Prosecutors drop rape charges at Australia’s Parliament building


The case against a political worker who allegedly raped a colleague at Australia’s Parliament House has been dropped by prosecutors concerned about the mental health of his accuser.

Bruce Lehrmann was tried in October on charges of raping Brittany Higgins in March 2019 in a federal senator’s office in the capital, Canberra. A mistrial was declared for jury misconduct when outside material related to the case was found in the deliberation room.

Lehrmann had pleaded not guilty to one charge of having sex without consent. His retrial, scheduled for next year, will not continue.

The chief prosecutor for the Australian Capital Territory explained his decision at a news conference in Canberra on Friday morning. Shane Drumgold said the material he received from two medical experts convinced him that the “trauma” of a retrial would pose “a significant and unacceptable risk to the life of the applicant”.

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Drumgold noted that if Higgins were retried, she would have to testify a second time about her alleged rape. He said there was “a reasonable prospect” of a conviction, but “the safety of the complainant in a sexual assault matter must be of paramount importance”.

“MS. Higgins has faced a level of personal attack that I have not seen in over 20 years of his work,” he said. “She did this with bravery, grace and dignity and I hope that this will now stop and Ms. Higgins can heal.”

A friend of Higgins told Age newspaper on Friday that she was taken to hospital. Lehrmann’s attorney did not respond to a request for comment.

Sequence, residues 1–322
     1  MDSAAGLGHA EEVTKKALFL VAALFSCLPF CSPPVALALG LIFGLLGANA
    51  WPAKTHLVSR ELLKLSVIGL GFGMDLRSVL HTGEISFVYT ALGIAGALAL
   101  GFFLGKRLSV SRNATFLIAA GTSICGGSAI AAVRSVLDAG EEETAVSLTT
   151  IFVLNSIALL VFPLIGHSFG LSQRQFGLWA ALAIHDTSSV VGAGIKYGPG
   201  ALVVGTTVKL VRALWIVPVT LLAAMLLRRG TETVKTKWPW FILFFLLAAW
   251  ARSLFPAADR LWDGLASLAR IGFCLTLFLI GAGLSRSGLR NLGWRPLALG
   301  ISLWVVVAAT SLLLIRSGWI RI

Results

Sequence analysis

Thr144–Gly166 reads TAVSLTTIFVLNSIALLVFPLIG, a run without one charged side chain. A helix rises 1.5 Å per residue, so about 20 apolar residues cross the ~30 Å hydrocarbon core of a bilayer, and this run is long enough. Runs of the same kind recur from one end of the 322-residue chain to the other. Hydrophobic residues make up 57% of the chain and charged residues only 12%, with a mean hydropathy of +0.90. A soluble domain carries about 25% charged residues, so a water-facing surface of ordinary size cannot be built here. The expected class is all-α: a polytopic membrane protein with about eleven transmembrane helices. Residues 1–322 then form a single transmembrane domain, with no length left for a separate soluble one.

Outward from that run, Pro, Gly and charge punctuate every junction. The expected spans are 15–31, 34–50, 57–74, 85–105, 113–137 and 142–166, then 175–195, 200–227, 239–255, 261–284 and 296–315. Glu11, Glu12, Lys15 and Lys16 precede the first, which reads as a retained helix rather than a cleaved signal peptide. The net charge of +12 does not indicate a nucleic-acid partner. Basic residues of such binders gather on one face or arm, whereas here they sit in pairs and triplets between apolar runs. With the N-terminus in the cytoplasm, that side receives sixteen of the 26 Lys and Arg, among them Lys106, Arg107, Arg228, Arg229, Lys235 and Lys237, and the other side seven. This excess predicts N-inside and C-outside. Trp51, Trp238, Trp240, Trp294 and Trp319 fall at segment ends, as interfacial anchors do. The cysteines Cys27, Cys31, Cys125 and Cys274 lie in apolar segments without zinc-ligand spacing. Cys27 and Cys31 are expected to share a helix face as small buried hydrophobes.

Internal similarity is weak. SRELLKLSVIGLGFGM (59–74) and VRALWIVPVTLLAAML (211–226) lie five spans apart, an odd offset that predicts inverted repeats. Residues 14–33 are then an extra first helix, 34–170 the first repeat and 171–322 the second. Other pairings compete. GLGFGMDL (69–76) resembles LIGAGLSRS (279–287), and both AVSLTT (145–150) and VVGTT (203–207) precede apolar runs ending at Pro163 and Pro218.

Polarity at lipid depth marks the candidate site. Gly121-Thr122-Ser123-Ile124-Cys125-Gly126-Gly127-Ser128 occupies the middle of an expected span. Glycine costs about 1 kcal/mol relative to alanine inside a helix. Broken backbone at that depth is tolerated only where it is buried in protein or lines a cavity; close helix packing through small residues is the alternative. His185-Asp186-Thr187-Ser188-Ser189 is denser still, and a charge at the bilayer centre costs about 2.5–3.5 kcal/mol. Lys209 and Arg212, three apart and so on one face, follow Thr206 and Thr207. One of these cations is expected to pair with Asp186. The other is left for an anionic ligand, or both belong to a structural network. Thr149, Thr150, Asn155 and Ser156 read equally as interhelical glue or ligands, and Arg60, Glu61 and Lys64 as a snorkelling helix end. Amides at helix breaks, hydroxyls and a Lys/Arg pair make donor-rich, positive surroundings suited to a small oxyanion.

Higgins testified this fall that she and Lehrmann, then in their mid-20s and working for the ruling Conservative party, had been drinking as part of a larger group on a Friday night and agreed to share a taxi when they left the bar At around 1:45 a.m., Lehrmann had the driver take them to the Parliament building, where they drove to their boss’s office. She said she passed out there and woke up when he raped her.

Lehrmann told police they both went back to finish the job and that they entered the building and then went their separate ways. A security guard testified that she saw Higgins alone and naked on the couch in the senator’s office just after 4 a.m.

Higgins went public with the rape allegation in 2021. It was one of several high-profile sexual assault allegations that have intersected with Australian federal politics and sparked protests and widespread media attention this year. The Australian Broadcasting Corp. published a claim that the country’s then-attorney general, Christian Porter, had decades earlier raped a woman who later died by suicide. Porter denied the allegation.

A review of federal parliament staff found that a third of respondents said they had been sexually harassed at work. About the same percentage said they had been bullied.

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The conservative Liberal Party’s treatment of women in politics was seen as a major factor in their loss of the May election.

Lawmakers in the area where the trial took place plan to discuss changes to the laws needed to allow courtroom recordings to be used as evidence in sexual assault retrials, the Canberra Times reported last month. This would mean that complainants would not have to testify more than once.

“Our laws need to be reformed so that survivors of attacks can find justice without going to court,” said Allegraspender, an independent federal lawmaker posted on Twitter after the charges against Lehrmann were dropped.

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